Constitution of 1838

In December 1838, delegates convened at St. Joseph to form Florida’s first state constitution. The convention completed its work in January 1839, although Florida was not officially admitted to the Union as a state until March 3, 1845.

Constitution of 1838


general law provide a summary process for the sequestration of its effects and assets, the appointment of officers to settle its affairs, and no forfeited charter shall be restored. The foregoing provision shall not be construed to prevent the General Assembly from imposing other restrictions and provisions in the creation of corporations.

Section 13. The General Assembly shall not pledge the faith and credit of the State, to raise funds in aid of any corporation whatsoever.

Section 14. The General Assembly shall at its first session, have power to regulate, restrain and control, all associations claiming to exercise corporate privileges in the State, so as to guard, protect, and secure the interests of the people of the State, not violating vested rights, or impairing the obligation of contracts.



Amendments and Revision of the Constitution.


Section 1. No Convention of the people shall be called, unless by the concurrence of two-thirds of each House of the General Assembly.

Section 2. No part of this Constitution shall be altered; unless a bill to alter the same, shall have been read three times in the House of Representatives, and three times in the Senate, and agreed to by two-thirds of each House of the General Assembly; neither shall any alteration take place until the bill so agreed to, be published six months previous to a new election for members to the House of Representatives; and if the alteration proposed by the General Assembly shall be agreed to at their first session by two-thirds of each House of the General Assembly, after the same shall have been read three times on three several days in each House, then and not otherwise, the same shall become a part of the Constitution.



The Seat of Government.

Section 1. The Seat of Government, of the State of Florida, shall be and remain permanent at the city of Tallahassee, for the term and time of five years, from and after the end of the first session of the General Assembly, to be holden under this Constitution; and after the expiration of the said five years, the General Assembly shall have power to remove the Seat of Government, from Tallahassee, and fix the same at any other point; Provided, that the General Assembly shall immediately after the expiration of ten years, from the end of the said first session thereof, fix permanently the Seat of Government.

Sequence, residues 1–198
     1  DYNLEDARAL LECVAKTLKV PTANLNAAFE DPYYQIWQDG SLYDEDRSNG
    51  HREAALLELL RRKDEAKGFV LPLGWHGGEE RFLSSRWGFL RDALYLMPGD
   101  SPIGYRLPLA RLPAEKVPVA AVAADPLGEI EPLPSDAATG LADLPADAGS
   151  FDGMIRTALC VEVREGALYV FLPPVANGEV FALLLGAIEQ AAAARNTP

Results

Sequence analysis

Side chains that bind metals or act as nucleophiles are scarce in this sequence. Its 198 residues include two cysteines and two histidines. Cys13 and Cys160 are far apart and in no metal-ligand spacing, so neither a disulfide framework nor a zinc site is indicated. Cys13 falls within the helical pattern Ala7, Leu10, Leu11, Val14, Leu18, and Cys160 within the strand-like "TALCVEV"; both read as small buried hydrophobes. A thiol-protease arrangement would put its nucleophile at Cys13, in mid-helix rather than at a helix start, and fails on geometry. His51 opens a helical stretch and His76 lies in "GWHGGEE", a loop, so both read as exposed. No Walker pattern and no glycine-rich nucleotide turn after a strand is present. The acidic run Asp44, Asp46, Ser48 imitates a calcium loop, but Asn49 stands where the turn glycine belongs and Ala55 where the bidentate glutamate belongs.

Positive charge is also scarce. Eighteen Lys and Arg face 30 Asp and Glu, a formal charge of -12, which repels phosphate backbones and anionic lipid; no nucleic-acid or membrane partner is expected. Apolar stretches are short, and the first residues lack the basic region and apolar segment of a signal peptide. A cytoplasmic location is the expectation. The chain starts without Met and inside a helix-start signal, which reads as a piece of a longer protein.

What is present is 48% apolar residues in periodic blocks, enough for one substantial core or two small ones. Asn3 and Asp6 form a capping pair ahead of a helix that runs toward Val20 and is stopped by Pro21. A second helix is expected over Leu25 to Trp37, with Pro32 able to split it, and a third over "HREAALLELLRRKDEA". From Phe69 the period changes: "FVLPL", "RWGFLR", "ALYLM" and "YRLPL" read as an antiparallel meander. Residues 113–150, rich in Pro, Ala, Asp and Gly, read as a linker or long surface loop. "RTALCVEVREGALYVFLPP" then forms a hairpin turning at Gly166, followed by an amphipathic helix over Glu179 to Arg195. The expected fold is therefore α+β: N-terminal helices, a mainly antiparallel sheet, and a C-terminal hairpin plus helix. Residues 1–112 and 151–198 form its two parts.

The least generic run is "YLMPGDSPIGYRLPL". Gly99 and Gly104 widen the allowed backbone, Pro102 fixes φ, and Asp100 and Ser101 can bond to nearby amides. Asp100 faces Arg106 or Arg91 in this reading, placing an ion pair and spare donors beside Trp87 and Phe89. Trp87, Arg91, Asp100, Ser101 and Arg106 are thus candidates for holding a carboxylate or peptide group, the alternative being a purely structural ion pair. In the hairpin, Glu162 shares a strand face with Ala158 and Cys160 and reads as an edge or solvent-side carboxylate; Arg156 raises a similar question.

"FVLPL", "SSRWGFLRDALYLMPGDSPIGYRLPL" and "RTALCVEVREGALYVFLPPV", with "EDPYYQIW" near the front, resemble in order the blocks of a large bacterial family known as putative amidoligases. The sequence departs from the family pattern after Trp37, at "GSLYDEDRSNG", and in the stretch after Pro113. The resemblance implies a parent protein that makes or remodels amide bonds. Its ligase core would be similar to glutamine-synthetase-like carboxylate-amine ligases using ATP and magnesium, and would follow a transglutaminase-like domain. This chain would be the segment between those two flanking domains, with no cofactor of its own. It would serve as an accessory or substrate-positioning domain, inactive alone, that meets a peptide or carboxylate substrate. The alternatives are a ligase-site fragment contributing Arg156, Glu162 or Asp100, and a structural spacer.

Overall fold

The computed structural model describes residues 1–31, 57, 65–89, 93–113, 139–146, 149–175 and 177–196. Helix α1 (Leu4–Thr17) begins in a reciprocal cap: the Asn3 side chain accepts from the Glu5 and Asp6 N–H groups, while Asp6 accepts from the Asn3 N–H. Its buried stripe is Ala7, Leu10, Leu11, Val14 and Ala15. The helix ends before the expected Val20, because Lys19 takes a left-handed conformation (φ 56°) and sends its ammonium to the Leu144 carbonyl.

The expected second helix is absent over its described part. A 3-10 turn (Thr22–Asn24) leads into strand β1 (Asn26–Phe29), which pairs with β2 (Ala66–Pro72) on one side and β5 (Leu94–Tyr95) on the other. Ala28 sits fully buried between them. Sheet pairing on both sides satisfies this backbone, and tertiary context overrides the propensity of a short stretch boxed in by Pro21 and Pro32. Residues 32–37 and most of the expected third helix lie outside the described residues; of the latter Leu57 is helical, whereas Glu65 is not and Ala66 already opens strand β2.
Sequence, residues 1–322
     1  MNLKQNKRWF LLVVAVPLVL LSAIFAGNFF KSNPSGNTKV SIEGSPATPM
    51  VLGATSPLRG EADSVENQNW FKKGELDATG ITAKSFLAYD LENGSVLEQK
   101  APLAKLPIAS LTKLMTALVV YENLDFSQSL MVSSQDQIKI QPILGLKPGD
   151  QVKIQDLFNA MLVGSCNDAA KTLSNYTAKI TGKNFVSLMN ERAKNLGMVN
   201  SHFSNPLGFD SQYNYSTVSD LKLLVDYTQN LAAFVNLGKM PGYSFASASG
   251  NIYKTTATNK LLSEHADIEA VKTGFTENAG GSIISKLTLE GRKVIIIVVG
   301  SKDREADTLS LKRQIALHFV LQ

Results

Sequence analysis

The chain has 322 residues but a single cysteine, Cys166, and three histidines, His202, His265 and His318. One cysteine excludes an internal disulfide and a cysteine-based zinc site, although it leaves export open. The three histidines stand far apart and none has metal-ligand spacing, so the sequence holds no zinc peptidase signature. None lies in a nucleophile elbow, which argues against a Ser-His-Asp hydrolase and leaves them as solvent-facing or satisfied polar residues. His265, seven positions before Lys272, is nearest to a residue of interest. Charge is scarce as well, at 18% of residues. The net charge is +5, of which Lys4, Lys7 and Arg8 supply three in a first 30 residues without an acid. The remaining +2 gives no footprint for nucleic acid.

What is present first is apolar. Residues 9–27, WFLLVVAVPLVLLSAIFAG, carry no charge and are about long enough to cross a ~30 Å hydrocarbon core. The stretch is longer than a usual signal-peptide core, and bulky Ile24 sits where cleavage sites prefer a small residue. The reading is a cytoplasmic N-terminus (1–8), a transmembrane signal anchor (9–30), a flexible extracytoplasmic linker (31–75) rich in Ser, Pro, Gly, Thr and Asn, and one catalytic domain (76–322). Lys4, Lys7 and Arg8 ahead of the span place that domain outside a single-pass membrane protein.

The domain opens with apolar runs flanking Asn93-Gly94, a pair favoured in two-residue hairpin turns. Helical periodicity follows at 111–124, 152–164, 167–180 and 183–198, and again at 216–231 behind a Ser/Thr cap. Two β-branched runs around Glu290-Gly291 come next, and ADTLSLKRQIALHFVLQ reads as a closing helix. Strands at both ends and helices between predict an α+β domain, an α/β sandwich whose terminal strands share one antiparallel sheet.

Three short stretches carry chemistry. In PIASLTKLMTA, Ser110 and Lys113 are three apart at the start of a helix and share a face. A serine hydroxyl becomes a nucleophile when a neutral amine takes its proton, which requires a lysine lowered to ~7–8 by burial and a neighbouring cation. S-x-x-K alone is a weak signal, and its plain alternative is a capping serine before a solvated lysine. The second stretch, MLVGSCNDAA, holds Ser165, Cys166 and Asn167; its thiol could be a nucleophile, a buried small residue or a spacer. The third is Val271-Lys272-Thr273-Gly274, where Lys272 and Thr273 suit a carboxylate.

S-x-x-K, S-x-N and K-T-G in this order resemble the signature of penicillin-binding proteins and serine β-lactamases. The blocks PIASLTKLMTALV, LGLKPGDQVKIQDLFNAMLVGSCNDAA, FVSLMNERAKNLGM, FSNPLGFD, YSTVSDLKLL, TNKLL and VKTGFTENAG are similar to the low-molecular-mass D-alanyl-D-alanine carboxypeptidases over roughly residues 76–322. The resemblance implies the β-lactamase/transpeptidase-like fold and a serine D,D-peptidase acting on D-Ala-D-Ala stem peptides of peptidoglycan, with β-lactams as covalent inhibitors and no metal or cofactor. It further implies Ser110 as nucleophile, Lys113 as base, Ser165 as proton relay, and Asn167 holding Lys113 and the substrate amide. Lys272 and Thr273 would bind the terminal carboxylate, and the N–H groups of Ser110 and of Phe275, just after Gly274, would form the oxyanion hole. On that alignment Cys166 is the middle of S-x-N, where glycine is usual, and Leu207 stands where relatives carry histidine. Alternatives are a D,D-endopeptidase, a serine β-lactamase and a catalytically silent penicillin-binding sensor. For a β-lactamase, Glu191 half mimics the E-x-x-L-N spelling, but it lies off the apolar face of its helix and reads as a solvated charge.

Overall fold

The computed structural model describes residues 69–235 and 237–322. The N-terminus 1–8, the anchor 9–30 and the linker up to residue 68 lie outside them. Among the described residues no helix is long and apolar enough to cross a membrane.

General Provisions.


Section 1. The General Assembly shall have no power to pass laws for the emancipation of slaves.

Section 2. They shall have no power to prevent emigrants to this State, from bringing with them, such persons as may be deemed slaves, by the laws of any one of the United States: Provided, they shall have power to enact laws to prevent the introduction of any slaves who may have committed crimes in other States.

Section 3. The General Assembly shall have power to pass laws to prevent free negroes, mulattoes, and other persons of color, from emigrating to this State, or from being discharged from on board any vessel, in any of the ports of Florida.

Section 4. Treason against the State shall consist only in levying war against it, or in adhering to its enemies, giving them aid and comfort. No person shall be convicted of treason, unless on the testimony of two witnesses to the same overt act, or his confession in open court.

Section 5. Divorces from the bonds of matrimony shall not be allowed, but by the judgment of a court, as shall be prescribed by law.

Section 6. The General Assembly shall declare by law, what parts of the common law, and what parts of the civil law, not inconsistent with this Constitution, shall be in force in this State.